Hiroshima Marks 75 Years Since Atomic Bombing in Scaled-Back Ceremony

BY REUTERS

TOKYO—Bells tolled in Hiroshima on Thursday for the 75th anniversary of the world’s first atomic bombing, with ceremonies downsized due to the coronavirus and the city’s mayor urging nations to reject selfish nationalism and unite to fight all threats.

Though thousands usually pack the Peace Park in the centre of the Japanese city to pray, sing and offer paper cranes as a symbol of peace, entrance was sharply limited and only survivors and their families could attend the memorial ceremony.

The city said the significance of the anniversary of the bombing that killed 140,000 people before the end of 1945 had prompted its decision to hold the ceremony despite the spread of the virus, but taking strict precautions.

“On August 6, 1945, a single atomic bomb destroyed our city. Rumor at the time had it that ‘Nothing will grow here for 75 years,’” said mayor Kazumi Matsui.

“And yet, Hiroshima recovered, becoming a symbol of peace.”

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3 Responses to Hiroshima Marks 75 Years Since Atomic Bombing in Scaled-Back Ceremony

  1. C E Voigtgsberger August 7, 2020 at 8:28 pm

    All the handwringers about the bombing of Hiroshima and Nagasaki should read some of the books written by Hirohito’s privy council and the memoirs of the elites who were in attendance at the conferences in the Tokyo palace in the final days of the war.

    After reading those books it was my conclusion that even Russia entering the war would not have convinced Japan to surrender. Yes, they were discussing surrender but Hirohito was concerned over whether he would be allowed to continue as emperor and more particularly whether he would be tried as a war criminal.

    It wasn’t until he was assured that he would not be tried as a war criminal and would continue as emperor, albeit subject to direction from the U.S. Supreme Commander that he finally agreed that the war should end.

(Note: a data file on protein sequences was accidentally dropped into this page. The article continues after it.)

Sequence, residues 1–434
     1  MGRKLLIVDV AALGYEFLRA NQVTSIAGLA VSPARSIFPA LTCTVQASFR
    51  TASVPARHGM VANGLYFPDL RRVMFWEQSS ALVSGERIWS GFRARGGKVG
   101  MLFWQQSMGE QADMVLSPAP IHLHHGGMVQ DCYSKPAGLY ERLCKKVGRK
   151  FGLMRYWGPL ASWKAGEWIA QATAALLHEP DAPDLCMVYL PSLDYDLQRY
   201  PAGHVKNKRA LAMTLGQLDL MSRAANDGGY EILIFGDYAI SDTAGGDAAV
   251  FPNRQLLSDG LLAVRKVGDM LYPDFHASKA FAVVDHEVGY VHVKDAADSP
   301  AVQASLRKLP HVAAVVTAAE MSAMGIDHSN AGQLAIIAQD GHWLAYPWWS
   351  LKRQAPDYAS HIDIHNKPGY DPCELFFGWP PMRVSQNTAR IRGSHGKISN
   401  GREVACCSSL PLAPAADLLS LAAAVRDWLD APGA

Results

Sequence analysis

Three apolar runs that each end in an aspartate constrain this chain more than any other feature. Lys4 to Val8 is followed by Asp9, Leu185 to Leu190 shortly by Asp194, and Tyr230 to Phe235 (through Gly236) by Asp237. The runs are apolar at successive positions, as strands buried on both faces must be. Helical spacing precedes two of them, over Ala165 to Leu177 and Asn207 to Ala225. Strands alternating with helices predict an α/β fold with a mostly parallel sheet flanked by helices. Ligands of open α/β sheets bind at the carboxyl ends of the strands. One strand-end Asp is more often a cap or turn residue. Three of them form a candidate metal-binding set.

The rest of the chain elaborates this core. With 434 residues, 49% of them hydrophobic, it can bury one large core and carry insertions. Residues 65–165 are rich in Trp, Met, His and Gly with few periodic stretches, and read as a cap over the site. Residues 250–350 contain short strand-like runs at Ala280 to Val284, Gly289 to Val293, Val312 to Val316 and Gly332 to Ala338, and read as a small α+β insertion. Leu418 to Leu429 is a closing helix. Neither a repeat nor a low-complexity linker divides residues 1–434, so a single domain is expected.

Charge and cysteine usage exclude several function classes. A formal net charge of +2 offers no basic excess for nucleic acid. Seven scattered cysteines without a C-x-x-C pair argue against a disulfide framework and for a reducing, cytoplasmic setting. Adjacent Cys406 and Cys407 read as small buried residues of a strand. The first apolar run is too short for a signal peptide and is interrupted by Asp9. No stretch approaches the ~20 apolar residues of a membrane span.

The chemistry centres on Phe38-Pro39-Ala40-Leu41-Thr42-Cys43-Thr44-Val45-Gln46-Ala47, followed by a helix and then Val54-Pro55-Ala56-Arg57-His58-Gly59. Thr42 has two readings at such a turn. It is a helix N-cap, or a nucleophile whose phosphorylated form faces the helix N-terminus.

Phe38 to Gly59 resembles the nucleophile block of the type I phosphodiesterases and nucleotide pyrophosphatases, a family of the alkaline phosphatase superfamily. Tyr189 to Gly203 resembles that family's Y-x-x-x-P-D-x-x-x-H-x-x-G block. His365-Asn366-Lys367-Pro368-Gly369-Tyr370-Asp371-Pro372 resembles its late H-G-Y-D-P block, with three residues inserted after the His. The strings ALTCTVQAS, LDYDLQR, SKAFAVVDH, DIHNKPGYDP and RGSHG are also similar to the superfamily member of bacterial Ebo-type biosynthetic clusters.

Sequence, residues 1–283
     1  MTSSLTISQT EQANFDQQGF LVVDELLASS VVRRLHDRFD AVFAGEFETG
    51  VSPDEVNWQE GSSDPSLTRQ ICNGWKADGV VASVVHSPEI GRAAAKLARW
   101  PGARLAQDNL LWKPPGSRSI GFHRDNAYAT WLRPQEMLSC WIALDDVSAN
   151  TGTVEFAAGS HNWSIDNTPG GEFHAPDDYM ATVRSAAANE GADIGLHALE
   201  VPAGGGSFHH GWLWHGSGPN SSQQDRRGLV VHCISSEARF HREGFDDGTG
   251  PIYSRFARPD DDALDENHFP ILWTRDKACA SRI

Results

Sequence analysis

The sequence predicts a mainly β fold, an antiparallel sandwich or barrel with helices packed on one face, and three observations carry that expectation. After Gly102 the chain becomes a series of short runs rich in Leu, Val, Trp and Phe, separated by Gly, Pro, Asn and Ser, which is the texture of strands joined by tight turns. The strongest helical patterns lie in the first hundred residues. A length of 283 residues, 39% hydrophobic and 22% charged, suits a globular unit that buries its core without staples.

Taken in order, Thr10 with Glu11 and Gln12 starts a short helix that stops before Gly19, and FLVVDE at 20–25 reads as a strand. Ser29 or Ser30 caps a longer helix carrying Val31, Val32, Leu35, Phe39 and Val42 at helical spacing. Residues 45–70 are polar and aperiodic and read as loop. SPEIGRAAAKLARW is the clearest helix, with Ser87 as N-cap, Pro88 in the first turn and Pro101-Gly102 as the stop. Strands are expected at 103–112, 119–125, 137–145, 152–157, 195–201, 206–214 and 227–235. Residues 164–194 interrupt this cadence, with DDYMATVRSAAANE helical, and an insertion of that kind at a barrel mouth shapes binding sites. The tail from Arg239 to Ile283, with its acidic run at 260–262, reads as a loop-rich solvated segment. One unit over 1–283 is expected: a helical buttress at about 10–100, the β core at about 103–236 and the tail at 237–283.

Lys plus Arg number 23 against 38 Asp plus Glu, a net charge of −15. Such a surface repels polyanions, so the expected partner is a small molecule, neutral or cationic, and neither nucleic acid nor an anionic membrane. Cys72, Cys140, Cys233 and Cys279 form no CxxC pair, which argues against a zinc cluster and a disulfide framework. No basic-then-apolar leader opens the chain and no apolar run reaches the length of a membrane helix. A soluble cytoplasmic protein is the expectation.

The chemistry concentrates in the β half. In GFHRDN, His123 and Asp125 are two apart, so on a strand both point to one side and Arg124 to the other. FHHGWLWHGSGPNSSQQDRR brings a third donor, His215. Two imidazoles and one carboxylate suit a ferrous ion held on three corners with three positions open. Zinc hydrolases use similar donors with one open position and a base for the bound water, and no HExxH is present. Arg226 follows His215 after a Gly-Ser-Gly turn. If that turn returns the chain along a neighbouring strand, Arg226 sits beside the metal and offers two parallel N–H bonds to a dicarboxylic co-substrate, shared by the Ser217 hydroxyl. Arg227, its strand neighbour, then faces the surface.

Even then there were dissident forces in Japan. He nearly was kidnapped and his privy council killed by the dissidents.

    Had the war continued, it is my belief that Japan would have ceased to exist as a political entity. Russia would have easily driven Japanese defense forces from Hokkaido and invaded the main island. Japan at best would have ended up divided the same as Germany with Tokyo the Far East version of Berlin.

    Worst case is that we would still be chasing Japanese holdouts in the rugged mountain all over Japan. Look at how long the solitary Japanese soldier held out in the Philippines and he was surrounded by what he considered to be enemies. Supported in the homeland, it is my opinion that most of the Japanese army would not have surrendered. The allied forces would have been forced to root them out one by one.

    Hideki Tojo correctly guesses that we had only two atomic bombs and urged continuing the war effort. The Japanese strategy was to continue inflicting losses on the allies until we sued for peace on terms favorable to Japan.

    The losses at Hiroshima and Nagasaki were significantly lower than the civilian loss of life in the Tokyo-Yokohama area bombings. Everyone seems to forget the firebombing of those two cities and the subsequent loss of life there.